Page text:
Of Toronto youth susceptible to violence and crime, 40 per cent said they could get a gun in less than three hours, according to a new report
Mayor John Tory says Toronto has a gun problem.
While the motives behind last Sunday’s mass shooting on the Danforth are still unclear – the family of the man accused of the shooting says he suffered from mental health issues – a recent spike in suspected gang-related gunplay in the city, has once again heightened anxiety around gun violence.
To be sure, days before the Danforth shooting, the City of Toronto released a report detailing circumstances that lead young Torontonians to acquire guns.
Look at My Life: ‘Sparks’ for Firearm Possession Among Young People in Toronto – jointly released on July 20 by the city, Humber College, Laidlaw Foundation and Amadeusz, a non-profit that works with young people affected by gun violence – identifies what types of support youth need in order to stop carrying guns.
“Decades of research from around the world has told the same story – that young people who experience multiple negative life events or circumstances, and few positive ones, often end up following the same path to crime and violence,” says Fiona Scott, the report’s author.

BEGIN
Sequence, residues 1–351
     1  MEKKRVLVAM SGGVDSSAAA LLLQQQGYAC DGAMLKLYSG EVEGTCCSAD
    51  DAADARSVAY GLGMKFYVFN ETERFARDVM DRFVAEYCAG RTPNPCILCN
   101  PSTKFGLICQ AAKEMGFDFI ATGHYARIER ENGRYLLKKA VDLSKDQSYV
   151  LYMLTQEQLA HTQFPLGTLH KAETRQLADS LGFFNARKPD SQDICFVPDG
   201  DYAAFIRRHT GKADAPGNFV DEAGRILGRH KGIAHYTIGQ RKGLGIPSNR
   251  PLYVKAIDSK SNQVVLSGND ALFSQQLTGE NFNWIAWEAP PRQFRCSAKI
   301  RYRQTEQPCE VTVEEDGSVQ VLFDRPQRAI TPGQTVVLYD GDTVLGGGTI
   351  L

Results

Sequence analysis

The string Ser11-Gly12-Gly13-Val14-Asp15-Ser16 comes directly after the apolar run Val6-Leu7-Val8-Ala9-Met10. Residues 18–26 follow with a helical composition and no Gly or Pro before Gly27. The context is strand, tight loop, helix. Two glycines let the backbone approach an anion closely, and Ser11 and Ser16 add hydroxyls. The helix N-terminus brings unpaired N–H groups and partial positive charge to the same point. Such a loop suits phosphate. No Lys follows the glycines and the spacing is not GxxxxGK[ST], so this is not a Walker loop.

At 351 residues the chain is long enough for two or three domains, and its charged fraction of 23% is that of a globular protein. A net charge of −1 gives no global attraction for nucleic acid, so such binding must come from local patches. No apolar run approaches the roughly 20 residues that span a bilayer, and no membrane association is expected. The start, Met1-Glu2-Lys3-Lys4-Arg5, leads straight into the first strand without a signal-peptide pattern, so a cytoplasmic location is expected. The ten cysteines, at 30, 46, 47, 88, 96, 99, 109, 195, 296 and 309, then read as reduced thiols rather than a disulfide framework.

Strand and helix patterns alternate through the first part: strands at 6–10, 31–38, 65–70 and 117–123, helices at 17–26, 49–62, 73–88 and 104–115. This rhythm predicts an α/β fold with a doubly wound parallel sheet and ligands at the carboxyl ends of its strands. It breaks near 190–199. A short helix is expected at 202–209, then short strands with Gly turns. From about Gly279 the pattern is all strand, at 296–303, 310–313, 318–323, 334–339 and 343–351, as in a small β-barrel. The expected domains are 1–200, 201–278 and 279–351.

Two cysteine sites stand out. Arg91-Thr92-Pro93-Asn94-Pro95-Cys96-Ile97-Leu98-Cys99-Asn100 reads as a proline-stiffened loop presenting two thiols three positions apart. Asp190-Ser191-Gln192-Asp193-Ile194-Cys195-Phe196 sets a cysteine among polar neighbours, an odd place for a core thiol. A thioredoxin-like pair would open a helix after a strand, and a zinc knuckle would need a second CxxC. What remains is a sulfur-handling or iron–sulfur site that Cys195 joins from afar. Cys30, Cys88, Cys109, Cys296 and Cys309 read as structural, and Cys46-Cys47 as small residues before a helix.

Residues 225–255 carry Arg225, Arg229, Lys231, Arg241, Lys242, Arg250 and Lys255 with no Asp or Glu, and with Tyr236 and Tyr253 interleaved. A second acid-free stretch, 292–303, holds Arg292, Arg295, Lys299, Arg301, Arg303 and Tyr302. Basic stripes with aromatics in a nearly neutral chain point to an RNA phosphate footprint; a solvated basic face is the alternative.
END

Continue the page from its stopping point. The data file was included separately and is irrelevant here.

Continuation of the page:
A study cited in the report found that of Toronto youth most susceptible to violence and crime, 40 per cent said they could get a gun in three hours or less.
Research in the report included interviews with 10 young people who have been imprisoned for possessing firearms. Positive experiences cited to by the interviewees prior to incarceration included: relationships with non-family mentors, family, employment, community and extra-curricular activities. Negative experiences that led to them acquiring guns included needing protection in neighborhoods, poverty, racism and the impact of trauma.
As one interviewee stated: “I just heard pow pow pow [and saw] a guy running and everyone was scared…and that’s what kind of like sparked getting a gun and all that.”
The report calls for an increase in support systems for youth, such as housing, employment, and the ability to deal with substance abuse and mental health challenges, to decrease their exposure to risk factors associated with gun violence.
Last week, Tory announced 16 community initiatives, including employment opportunities and job fairs in marginalized communities, to reduce gun violence and crime among Toronto youth.
Tory and Toronto police Chief Mark Saunders have also announced a plan to dispatch 200 more cops in so-called priority neighbourhoods.
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